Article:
I worked at several companies back in the day whose products were based on CL.
I’ve also spent the last 7 or so years working on a product in Clojure. So I have a lot of time invested in both, and they are both in my top 3 favorite languages.
I stopped using CL a long time ago because it lost momentum. That said, there are times I look back at it fondly when Clojure is driving me nuts.
In the end they both have things to offer. Clojure+JVM is great. Persistent data structures are nice and greatly facilitate FP. The Clojure language is still immature in various ways, and while it’s
defmulti is flexible, I routinely experience compilation-related issues with it that I never had with CL. In fact, compilation is where CL shines, including some things that Clojure forsakes, like argument checking at compilation time, something you can get a fair amount of in CL. Clojure’s “maps all the way down” has drawbacks for production code, IMO.
CL also has great things to offer. CLOS and CL generics are a treat. CL’s LOOP macro allows easy mastery of the toughest loops, whereas Clojure’s iteration takes a while to learn.
If you’re writing programs that have a mutable flavor to them i.e. where it’s all about state, such as simulators, schedulers, and so on, Clojure can lead you down some tough paths. The tools are there, but it isn’t as natural as CL for some kinds of problems. On the other hand, Clojure offers a lot of threaded programming stuff (courtesy of the JVM) that was never officially standardized in CL (so … no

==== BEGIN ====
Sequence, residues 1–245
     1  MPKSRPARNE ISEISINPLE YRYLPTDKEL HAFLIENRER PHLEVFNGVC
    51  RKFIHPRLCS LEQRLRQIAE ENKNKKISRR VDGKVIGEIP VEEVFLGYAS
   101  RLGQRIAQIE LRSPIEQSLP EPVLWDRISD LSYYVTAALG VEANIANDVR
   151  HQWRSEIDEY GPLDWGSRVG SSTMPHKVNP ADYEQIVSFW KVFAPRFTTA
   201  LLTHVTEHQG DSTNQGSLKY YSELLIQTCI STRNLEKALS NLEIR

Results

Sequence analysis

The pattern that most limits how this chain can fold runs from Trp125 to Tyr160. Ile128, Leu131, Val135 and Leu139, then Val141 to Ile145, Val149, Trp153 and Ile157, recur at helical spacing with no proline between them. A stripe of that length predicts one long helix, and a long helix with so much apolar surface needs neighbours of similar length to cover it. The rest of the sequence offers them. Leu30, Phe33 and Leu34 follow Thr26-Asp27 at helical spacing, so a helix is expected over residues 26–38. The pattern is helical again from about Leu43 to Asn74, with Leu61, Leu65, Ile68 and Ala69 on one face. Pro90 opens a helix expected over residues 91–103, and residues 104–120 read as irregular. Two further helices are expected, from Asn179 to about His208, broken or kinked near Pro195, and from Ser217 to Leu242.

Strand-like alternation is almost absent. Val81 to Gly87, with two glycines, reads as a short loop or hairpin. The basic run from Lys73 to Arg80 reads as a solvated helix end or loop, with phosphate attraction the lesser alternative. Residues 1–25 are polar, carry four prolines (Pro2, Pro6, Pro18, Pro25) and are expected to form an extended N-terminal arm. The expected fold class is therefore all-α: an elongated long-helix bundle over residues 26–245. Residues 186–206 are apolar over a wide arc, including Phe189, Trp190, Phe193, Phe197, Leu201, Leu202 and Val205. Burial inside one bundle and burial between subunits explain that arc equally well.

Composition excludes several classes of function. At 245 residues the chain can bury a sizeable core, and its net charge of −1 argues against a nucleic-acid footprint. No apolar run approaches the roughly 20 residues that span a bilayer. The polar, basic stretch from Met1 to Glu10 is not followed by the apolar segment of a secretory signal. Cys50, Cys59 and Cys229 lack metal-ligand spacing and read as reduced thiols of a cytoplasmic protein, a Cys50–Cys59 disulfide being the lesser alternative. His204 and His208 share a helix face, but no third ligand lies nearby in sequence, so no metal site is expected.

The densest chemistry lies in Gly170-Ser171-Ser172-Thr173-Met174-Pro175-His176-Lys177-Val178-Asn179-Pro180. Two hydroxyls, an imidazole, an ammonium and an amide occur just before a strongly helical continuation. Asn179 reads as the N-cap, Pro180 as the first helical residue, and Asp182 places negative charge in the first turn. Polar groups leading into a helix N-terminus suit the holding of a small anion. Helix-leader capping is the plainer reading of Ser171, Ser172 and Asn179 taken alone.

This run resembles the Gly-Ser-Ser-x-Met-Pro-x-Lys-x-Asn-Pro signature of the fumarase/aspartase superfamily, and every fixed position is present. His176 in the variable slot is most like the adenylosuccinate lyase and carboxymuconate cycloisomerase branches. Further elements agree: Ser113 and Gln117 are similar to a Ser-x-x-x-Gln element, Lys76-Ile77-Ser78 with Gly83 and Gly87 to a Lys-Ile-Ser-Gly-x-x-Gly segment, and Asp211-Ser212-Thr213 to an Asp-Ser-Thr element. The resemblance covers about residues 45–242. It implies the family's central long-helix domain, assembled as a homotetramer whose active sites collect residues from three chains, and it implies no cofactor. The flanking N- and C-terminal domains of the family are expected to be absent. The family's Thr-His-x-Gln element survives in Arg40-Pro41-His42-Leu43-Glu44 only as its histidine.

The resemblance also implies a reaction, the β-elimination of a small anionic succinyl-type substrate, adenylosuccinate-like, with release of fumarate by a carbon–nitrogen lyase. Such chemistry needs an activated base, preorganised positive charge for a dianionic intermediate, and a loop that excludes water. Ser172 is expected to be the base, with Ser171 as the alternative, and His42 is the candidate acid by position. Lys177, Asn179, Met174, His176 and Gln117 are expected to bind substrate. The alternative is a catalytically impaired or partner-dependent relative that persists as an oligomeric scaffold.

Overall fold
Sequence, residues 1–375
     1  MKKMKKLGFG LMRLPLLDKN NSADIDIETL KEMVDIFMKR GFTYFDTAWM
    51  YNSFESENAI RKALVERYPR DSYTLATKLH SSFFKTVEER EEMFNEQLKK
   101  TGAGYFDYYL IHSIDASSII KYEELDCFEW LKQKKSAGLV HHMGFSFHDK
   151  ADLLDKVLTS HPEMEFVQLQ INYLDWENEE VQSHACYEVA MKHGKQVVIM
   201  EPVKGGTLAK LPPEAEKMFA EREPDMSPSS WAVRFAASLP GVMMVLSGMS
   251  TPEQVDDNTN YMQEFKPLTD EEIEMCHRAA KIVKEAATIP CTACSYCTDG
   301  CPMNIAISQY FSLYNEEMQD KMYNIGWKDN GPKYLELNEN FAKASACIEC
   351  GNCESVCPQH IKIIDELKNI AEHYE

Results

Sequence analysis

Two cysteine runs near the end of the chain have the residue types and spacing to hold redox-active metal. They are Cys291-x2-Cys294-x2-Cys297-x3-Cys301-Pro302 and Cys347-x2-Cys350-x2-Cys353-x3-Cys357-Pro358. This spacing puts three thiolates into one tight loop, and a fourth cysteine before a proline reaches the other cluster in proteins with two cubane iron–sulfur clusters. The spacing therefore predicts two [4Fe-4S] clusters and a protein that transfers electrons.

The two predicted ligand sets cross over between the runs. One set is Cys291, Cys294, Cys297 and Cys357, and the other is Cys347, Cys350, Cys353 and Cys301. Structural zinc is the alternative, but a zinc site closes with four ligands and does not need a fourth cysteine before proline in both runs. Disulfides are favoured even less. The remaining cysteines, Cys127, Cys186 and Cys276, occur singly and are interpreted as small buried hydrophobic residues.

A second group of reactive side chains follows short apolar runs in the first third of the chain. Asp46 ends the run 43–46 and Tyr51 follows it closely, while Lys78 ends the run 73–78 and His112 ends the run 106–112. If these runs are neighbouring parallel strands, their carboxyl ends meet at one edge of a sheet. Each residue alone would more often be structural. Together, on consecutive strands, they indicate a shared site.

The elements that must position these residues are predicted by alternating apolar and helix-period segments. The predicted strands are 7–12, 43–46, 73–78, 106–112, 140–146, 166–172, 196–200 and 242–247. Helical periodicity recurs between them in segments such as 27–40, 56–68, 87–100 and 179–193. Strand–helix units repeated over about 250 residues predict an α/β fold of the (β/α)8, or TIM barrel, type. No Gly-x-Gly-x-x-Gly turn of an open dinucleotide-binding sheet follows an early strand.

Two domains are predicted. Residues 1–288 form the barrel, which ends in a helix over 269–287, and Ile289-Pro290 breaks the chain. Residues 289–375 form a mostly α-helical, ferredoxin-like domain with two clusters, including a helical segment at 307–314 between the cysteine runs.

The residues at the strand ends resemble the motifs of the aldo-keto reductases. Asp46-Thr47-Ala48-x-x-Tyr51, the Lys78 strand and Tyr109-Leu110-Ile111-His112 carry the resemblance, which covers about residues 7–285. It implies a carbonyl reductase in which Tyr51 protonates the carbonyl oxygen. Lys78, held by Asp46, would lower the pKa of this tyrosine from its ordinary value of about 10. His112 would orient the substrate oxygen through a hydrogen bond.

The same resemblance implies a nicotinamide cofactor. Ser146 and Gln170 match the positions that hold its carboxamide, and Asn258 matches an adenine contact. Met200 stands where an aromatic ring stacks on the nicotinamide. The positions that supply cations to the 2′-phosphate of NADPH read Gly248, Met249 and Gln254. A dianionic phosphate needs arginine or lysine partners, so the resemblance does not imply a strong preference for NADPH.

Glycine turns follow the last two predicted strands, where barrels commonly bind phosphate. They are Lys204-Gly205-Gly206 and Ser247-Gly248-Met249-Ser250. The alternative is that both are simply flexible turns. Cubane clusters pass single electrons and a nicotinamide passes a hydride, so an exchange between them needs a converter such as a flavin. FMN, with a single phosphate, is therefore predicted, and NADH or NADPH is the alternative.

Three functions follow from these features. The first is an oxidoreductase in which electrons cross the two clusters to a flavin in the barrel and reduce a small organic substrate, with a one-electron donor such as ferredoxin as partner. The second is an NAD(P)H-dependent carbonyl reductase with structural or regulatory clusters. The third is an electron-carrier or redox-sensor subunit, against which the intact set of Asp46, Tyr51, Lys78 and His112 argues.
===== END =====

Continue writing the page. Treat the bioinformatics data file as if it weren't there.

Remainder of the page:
future) in CL except as a vendor extension. Note that there is an open source package out there (name escapes me) that maps a standard set of CL parallel programming constructs across implementations, so it isn’t as bad as it sounds.
There have been some efforts to bring some of the nice things Clojure mainstreamed to CL, including threading macros and syntax for sets, vectors, and maps. In a tribute to CL, the reason they can do this is because of CL’s support for readtables, which is not a thing that Clojure does. Anyway, if you know clojure and want to play with CL, look for packages that bring your favorite clojurisms to CL and get some of the best of both worlds.
Some people think the standards effort made it a mess. I can’t argue against that, though it seems less crazy that CL has things like plists when you factor in the time at which the standardization was done. Personally I think a lot of very smart people worked very hard to dot all the i’s and cross all the t’s of a specification while coming from diverse lisp backgrounds. Remembering that adage about “compromise means no party is totally happy” I would say it was a success, not least because I can pick up the CLTL book and know that any implementation will have everything in that book.
Clojure didn’t have to go through any of that, and many of its i’s are not dotted and t’s are not crossed. Random trivial examples: clojure.spec.never-ending-alpha and incomplete ‘v’ functions, i.e. Clojure has filterv and mapv, but no v’s for other functions like mapcat. Not everything should be lazy.
I’m rambling. They’re both great. I use Clojure now because I really like having a JVM. I definitely miss CL sometimes, though I don’t know if I’d do a new product with it again due to lack of momentum. If only there were a CLTL3 (Fortunately a large number of CLTL2 people have retired, and so hopefully won’t read that and cringe).